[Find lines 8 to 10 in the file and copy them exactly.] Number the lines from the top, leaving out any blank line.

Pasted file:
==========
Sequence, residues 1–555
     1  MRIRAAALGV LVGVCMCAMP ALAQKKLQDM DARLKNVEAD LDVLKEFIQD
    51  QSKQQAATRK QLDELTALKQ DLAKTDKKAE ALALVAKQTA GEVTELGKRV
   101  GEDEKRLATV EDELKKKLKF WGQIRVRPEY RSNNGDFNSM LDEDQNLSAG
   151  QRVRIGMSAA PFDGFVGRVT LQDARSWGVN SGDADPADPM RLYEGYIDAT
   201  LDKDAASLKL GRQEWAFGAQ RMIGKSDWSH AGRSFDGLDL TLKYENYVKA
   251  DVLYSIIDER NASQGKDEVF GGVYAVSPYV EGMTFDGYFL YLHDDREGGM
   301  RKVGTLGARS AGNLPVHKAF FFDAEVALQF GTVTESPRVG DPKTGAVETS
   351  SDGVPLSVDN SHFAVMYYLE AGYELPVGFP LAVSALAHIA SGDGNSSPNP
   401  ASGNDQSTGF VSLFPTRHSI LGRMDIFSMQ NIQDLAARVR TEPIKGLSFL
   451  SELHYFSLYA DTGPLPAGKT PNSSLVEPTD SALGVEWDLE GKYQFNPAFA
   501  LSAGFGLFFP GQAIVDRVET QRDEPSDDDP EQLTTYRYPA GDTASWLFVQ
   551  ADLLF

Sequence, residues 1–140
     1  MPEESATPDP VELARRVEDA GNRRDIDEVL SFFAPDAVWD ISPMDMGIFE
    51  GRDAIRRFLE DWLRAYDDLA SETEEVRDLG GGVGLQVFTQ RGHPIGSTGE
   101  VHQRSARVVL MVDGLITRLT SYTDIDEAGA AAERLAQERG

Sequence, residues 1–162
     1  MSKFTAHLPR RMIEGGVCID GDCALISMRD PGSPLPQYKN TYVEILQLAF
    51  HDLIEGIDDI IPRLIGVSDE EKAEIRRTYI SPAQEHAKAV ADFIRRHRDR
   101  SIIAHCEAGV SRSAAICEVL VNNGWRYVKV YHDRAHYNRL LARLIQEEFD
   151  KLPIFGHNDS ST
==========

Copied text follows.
   301  RKVGTLGARS AGNLPVHKAF FFDAEVALQF GTVTESPRVG DPKTGAVETS
   351  SDGVPLSVDN SHFAVMYYLE AGYELPVGFP LAVSALAHIA SGDGNSSPNP
   401  ASGNDQSTGF VSLFPTRHSI LGRMDIFSMQ NIQDLAARVR TEPIKGLSFL